Food blogger explores produce markets in Nigeria

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Renske Bouwer with her neighbour, Willemien Rust, at a typical produce stand in Nigeria.

Renske Bouwer from the Kreatery food blog who is a contributor to the Farm fare section of AgriOrbit, recently traveled to Nigeria where she explored the local markets in search of the perfect fresh produce for an African-inspired recipe. See her recipe below for gluten free pancakes with chia and plantain.

“As the largest city in Africa, with a population of over 15 million inhabitants, there are a lot of mouths to feed. It also has an impact on the habits of consumers. People are stuck in chaotic traffic, whether it be 6AM or 11PM. Some people travel two to three hours one way for work every day. Therefore, their time is limited, and not everyone has the luxury of regular visits to a supermarket. Supermarkets with refrigeration and air-con are also not commonplace. Informal street stalls and vendors sell almost anything you need, from fruit and veg, to cellphone gadgets, magazines, mirrors, tuk-tuk tires and linen napkins.

If and when fresh produce is available at local supermarkets, not only does quality pay the price, but the selection of fruits and vegetables is limited. Grapes, rocket, broccoli and cauliflower, for example, are all imported or typically low in quality if found locally. Some fruits and vegetables that are not locally produced, are available at specialty stores or delis, but come at a price.

Because non-local fresh produce usually has to travel far to reach you, it needs to be consumed quite quickly after you buy it as it does not stay fresh for long. This rule especially counts for fresh produce bought from a street vendor or stall that is always without refrigeration or even an umbrella.

Fresh produce and processed goods

A lot of the local fruit tastes and looks slightly different to what we are used to in South Africa.

Below is a list of some of the fresh produce and other products that are widely available in Lagos:

  • Plantains: Plantains look like very large bananas. They are more starchy than the dessert bananas that we know. They are usually prepared like many starchy vegetable in households. Plantain chips are very popular and quite nice. Find a recipe for plantain pancakes here.
  • Dessert Bananas: These bananas are very affordable, but more expensive than plantains and, as you know, sweet on your palate.
  • Mangoes: The mangoes are not the same as in South Africa. These mangoes are smaller and not quite as sweet as we are used to.
  • Pineapples: The pineapples are huge. They don’t turn yellow, but are eaten green. They are not as sweet as the yellow pineapples in South Africa. There are also pineapples from Benin which are not as big as local pineapples, but slightly sweeter and pale in colour.
  • Papaya: Like pineapples, these are also consumed while still green.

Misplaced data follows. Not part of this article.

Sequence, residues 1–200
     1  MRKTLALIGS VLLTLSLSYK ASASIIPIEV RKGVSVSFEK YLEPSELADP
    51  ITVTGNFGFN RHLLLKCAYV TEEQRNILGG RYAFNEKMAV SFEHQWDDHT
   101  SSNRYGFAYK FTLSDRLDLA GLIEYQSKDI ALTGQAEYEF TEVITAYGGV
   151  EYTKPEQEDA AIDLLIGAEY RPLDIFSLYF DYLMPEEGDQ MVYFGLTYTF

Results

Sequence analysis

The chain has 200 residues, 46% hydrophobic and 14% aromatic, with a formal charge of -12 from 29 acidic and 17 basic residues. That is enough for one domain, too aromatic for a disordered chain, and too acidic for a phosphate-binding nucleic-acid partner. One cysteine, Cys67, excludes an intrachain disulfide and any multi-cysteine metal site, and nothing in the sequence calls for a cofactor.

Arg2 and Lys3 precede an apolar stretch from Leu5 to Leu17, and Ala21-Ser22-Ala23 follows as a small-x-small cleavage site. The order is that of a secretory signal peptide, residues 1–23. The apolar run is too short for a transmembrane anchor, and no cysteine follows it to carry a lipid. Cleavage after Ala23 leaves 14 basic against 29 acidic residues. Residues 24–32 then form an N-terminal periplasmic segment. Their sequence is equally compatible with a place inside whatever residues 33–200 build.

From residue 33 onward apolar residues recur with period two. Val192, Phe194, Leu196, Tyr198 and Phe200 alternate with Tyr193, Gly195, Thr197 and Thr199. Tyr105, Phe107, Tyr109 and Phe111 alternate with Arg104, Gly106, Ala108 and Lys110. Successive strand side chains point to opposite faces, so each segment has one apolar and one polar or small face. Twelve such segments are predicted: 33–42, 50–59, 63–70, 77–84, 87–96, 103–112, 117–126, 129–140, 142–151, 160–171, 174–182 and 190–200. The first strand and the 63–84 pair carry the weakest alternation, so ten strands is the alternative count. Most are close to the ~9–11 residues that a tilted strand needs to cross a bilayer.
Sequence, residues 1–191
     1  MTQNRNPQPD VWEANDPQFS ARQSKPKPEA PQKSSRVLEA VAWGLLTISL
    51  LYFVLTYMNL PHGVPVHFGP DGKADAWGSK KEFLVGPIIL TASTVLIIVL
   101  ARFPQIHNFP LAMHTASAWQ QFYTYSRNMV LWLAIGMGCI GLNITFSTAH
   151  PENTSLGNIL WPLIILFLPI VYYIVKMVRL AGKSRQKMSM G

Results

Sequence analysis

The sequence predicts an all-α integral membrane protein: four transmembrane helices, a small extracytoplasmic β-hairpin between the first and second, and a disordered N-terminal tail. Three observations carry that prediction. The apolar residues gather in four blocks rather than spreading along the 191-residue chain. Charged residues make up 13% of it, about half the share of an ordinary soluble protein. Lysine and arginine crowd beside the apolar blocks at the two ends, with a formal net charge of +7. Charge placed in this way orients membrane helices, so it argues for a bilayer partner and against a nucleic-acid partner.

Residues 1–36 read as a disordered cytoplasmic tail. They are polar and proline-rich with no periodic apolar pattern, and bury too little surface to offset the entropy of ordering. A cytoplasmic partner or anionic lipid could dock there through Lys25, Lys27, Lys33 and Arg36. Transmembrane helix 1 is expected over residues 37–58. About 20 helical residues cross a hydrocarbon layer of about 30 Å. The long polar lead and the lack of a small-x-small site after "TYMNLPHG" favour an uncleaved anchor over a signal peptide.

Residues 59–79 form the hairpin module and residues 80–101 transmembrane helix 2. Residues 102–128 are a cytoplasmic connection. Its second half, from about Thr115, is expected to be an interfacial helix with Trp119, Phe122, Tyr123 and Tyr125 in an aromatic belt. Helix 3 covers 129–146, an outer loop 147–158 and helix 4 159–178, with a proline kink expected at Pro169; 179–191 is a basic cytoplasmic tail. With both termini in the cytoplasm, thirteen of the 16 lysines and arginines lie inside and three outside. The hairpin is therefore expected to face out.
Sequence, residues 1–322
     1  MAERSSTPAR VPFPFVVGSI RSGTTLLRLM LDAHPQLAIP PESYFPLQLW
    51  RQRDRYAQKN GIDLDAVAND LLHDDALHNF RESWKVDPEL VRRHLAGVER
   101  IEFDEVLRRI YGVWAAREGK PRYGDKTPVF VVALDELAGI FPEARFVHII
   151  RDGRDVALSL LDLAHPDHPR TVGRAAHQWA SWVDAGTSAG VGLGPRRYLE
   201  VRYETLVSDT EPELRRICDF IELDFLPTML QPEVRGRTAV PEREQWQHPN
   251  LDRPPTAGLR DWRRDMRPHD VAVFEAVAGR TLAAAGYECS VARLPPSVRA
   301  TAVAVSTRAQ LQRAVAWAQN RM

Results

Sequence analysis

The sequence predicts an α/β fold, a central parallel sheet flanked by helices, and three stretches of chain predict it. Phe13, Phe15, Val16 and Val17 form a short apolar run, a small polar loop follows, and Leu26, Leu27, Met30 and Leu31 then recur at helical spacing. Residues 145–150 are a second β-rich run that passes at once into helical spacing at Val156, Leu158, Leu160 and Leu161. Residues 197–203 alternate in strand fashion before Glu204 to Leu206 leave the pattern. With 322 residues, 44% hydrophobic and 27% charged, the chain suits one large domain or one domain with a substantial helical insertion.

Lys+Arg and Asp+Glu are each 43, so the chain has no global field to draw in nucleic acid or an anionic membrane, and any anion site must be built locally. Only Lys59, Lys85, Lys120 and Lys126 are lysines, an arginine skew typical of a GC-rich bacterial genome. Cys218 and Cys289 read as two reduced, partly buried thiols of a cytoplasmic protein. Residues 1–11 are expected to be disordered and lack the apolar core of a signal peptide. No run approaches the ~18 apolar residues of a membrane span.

• Limes: Limes are very reasonably priced. Lemons are not as easy to find and rather expensive compared to limes. You do, however, get local lemons, but they are nothing like the yellow lemons we are used to in South Africa.
  • Yams: The yam chips I had were quite flavourless and have a very dense texture.
  • Potatoes: Local potatoes are mostly small with yellow flesh.
  • Sweet potato: The flesh of the locally produced sweet potato is pale. Orange flesh sweet potatoes are imported.
  • Eggplant: These are widely available and inexpensive. The sizes range from very little (about the size of a small plum) to very large (medium-sized paw-paw).
  • Red onions: This is the locally produced onion variety in Nigeria. Brown and white onions are imported and more expensive. Shallots are available at many supermarkets.
  • Oyster mushrooms: These are locally grown and much more affordable than other varieties that are normally imported.
  • Herbs: Basil, mint, Italian parsley and coriander are widely available and not expensive.
  • Beans: There is a large variety of beans available.
  • Flour: All kinds of flours are available and include yam, plantain, semolina, rice, bean and cassava.
  • Peanuts: These are very high in demand, inexpensive and sold by many street vendors.
  • Tiger nuts: Tiger nuts are marble-sized round nut-like bites. The name comes from their tiger-like striped exterior. They are part of the tuber family and grow in the ground. They taste like something between sugar cane and almonds.

Milk and dairy products

Most dairy is imported as long-life items. The average price for a litre of long-life milk is about double or even triple what you would pay in South Africa. Unfortunately, I only found fresh milk, imported from France, at one of the delis. This milk was remarkably expensive – about R200 per liter. I saw no fresh milk or cream anywhere else. The same goes for whipping cream. All cheeses are imported and awfully expensive. Even processed cheese is not affordable to many. I saw a lot of cheese that had been imported from South Africa or France. It is no wonder Lagos is among the most expensive cities to live in. – Renske Bouwer, Kreatery